To what extent is profit a good indicator of the success of an organisation?

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What incentives drive people to spend their time, energies and engaged into businesses? When many people in businesses and firms are approached and asked by this question, their reply is simply and straightforward: to make money. In other words: to make a profit. It maybe true for some organizations. As we all have known, there are various organisations operating everyday, they give profound implications for the way we make sense of our lives and of the changing world we live in. But what are involved in organizations? Different objective aims distinguish them between non-profit and for-profit.  


             Non-profit                       For-profit


                Public sector             private sector

           Charities; Hospitals            Sole traders; partnerships;

           Churches etc.                 Private limited companies;

                                       Public limited companies                                


Category of organisations

From the diagram shown above, a large percentage of the organizations are for-profit ones. Which factors should we take into account when measure a performance of a for-profit organization? Is it justified to say that the only measurement of a successful organisation is profit? How important is profit relate to an organisation?

Profit is probably the initial motive that most people choose to take risks other than pursue another ease career. It is the driving force in most businesses (except charities). There would not be many individuals to commit their time and personal resources to business activities without profit. In economists’ point of view, profit is the difference between the revenue the firm gains from selling its output minus the costs of producing that output. It is a surplus of making up activities. Especially in public limited companies, maximising profit is probably their most important objective, entrepreneurs use it in two ways: one is to reinvest into businesses, the other is pay to shareholders in the form of dividends. Only if the sale’s revenue exceeds by as much as possible the costs of goods, they can make a good profit. The more profit a company gains, the more capital can be reinvested, then by consequences, the larger scale and more output they can receive, and the more share capital are attracted into the business. Those aspects have all helped to develop a successful organisation. Without profit, they either cannot have a good reputation, therefore would not be able to borrow more loan for further development. Worse, the business closed down.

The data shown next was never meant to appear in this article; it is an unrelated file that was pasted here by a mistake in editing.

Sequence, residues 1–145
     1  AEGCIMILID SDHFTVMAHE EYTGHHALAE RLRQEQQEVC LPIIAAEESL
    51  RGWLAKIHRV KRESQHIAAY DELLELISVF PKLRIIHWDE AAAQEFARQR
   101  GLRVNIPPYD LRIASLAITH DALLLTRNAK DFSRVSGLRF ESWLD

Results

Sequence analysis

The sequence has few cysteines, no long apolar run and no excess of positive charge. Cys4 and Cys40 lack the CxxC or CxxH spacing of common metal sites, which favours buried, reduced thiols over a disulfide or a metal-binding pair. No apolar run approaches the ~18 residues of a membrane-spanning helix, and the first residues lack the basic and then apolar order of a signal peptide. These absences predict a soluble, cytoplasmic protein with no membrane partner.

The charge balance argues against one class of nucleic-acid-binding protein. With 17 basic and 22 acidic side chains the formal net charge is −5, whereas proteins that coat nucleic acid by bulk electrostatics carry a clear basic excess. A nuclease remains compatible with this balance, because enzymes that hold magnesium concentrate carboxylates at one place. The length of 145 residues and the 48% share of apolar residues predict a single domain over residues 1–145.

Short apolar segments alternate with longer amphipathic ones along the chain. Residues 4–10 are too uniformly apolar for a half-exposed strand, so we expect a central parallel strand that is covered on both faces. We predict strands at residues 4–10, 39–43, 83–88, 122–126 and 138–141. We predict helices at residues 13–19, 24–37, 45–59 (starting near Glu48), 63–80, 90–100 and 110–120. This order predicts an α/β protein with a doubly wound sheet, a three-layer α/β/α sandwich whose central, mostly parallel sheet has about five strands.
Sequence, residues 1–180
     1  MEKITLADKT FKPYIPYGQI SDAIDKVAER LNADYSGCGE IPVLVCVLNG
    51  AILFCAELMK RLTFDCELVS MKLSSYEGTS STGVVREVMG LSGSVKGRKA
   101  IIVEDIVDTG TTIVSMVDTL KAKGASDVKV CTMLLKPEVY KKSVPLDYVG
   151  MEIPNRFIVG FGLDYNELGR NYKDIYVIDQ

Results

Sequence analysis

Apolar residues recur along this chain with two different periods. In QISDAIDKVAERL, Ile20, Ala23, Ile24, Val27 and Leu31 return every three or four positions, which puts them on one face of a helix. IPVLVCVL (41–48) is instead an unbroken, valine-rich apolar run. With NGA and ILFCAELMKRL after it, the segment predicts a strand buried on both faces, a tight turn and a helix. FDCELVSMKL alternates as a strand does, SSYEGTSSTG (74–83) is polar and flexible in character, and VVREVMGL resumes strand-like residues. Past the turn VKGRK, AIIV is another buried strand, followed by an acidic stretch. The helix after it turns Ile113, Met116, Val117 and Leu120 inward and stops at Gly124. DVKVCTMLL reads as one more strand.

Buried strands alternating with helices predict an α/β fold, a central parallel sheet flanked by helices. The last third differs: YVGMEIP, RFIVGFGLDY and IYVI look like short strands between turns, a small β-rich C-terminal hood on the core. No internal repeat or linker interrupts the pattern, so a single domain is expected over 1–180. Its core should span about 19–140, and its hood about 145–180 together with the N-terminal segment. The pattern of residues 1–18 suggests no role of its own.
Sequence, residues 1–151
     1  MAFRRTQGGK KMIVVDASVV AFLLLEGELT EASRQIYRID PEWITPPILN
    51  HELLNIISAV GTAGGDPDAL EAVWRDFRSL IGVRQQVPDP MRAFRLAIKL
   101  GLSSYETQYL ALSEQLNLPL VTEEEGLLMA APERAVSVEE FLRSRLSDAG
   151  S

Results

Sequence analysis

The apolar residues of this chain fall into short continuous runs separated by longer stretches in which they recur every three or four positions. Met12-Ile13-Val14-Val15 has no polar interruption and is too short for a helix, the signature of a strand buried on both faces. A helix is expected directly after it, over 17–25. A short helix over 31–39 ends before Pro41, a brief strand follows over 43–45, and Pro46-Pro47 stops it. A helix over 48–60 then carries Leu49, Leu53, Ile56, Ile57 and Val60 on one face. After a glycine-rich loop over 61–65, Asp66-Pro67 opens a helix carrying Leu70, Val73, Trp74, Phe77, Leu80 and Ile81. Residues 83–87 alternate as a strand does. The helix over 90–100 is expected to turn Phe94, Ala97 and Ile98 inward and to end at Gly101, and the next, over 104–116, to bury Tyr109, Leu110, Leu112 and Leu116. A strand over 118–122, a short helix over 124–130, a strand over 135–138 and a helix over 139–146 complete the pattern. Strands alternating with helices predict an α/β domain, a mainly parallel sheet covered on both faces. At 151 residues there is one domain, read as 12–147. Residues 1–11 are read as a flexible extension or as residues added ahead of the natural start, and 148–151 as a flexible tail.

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Indeed, what most for-profit companies seek to are growth and maximise profits. Mr. J. A. Schumpeter pointed out that ‘For the capitalist system, it must be added that without profit there would be no accumulation of wealth.’ In the free-market economy, according to the law of ‘self-interest’, both suppliers and consumers are directed by profit, where their interest lies. At each of the end of the finance year, the amount of profit will be seen as one initial indication of the performance that the business has made during that year. For instance, firm A in the market was considered more successful than ...

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